Ibrahim I Jabbour1, Dimitrios Stefanidis2, Aimee K Gardner3. 1Florida Atlantic University College of Medicine, 2Indiana University School of Medicine, 3University of Texas Southwestern Medical Center
Background: Coaching has been identified as an effective technique to improve the technical proficiency of surgeons in training and in practice. However, previous work has shown that high levels of feedback disrupt resource allocation and performance for novice learners. Our goal was to examine the effects of a problem-solving coaching style on trainee skill acquisition and physiologic stress. We also investigated the extent to which trainee sensitivity to feedback, also known as self-monitoring ability, impacts coaching effectiveness.
Methods: Third and fourth-year medical students (MS3/4s) were invited to participate in this IRB-approved study. Students first completed a pre training demographics questionnaire, a 12-item self-monitoring ability scale (1=always false, 5=always true), and baseline FLS Task 5 with physiologic sensors. Students were then randomized into coaching or control conditions. Both groups watched a laparoscopic suturing instructional video and were provided 30 minutes to practice the task with or without a coach depending on condition. Coaches logged frequency of coaching behaviors according to a task-specific coaching script. Trainees then completed FLS Task 5 with physiologic sensors, a post training questionnaire with a condition manipulation check, and a 12-item coaching quality evaluation (1=poor, 5=very good).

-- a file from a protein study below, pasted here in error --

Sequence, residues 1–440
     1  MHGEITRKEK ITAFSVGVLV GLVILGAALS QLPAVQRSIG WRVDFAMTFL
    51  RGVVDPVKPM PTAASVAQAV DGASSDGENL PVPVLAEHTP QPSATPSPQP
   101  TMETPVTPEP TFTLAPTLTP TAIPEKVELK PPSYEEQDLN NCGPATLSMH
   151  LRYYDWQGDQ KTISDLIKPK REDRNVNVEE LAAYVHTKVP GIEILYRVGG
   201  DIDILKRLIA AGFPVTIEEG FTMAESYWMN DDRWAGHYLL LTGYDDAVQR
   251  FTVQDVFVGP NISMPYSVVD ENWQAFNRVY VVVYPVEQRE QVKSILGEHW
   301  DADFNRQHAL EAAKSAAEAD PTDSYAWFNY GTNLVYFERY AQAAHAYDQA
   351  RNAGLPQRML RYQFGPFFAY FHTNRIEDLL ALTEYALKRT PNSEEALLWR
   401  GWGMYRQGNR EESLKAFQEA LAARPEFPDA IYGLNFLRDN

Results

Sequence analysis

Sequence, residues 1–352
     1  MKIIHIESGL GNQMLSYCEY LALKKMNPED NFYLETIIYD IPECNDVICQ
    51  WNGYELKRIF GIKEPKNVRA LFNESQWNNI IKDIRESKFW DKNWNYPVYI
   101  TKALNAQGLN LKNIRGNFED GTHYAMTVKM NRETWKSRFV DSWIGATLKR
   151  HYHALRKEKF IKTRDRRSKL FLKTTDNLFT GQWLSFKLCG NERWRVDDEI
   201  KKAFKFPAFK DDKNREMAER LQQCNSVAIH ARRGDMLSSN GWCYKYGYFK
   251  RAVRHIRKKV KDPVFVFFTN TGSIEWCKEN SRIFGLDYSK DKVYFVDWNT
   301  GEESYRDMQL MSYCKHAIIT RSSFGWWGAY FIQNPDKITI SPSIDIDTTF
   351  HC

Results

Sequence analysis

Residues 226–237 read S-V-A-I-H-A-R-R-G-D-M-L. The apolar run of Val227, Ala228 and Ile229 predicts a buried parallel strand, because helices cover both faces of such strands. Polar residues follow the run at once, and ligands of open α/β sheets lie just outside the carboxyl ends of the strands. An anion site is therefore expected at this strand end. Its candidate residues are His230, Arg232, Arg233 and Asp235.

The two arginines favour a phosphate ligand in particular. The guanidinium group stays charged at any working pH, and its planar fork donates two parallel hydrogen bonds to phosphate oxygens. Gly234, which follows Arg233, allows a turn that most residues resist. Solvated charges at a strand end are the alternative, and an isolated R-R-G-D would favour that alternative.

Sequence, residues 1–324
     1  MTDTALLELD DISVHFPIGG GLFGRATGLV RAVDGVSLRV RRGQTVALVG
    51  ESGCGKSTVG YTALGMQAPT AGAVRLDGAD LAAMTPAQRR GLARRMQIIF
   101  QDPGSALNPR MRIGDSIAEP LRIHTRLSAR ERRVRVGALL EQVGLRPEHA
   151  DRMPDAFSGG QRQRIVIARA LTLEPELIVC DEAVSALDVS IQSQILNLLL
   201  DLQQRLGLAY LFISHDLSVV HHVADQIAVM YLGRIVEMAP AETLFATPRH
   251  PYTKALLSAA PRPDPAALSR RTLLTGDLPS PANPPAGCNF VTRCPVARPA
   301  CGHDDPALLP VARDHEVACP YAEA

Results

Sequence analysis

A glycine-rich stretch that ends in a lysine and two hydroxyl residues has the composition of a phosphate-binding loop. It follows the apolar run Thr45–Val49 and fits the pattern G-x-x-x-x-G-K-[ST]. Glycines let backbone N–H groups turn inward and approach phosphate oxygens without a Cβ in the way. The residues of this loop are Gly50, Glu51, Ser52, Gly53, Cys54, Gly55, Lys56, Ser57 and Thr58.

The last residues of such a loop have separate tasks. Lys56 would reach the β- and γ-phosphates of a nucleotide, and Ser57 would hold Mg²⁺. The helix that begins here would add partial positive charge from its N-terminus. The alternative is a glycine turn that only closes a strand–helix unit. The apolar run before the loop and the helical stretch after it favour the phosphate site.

Results: Twenty-four students (age 24.5 ± 1.4; 54% men; 58% MS4) participated in the study. All were fairly high self-monitors (3.8±0.76). There were no differences in baseline suturing skills between the two groups. Improvement in the coaching group (N=12; 285.0 ± 79.9) was significantly higher than the control group (N=12; 200.9 ± 110.3). One measure of physiologic stress (root mean square of successive heartbeat interval difference; RMSSD) was significantly higher in the coaching group. Trainees who received greater frequency of coaching demonstrated larger improvements (r=0.7, p< 0.05). Overall perceived quality of the coaching relationship was high (4.4 ± 0.6). There was no correlation between trainee self-monitoring ability and skill improvement.
Conclusions: These data support previous work demonstrating the effectiveness of coaching on trainee skill development. This work also suggests that the coaching relationship may increase experienced stress of trainees, but may not necessarily detract from skill improvement. Trainee disposition toward feedback did not play a role in this relationship.
Presented at the SAGES 2017 Annual Meeting in Houston, TX.
Abstract ID: 79601
Program Number: P274
Presentation Session: Poster (Non CME)
Presentation Type: Poster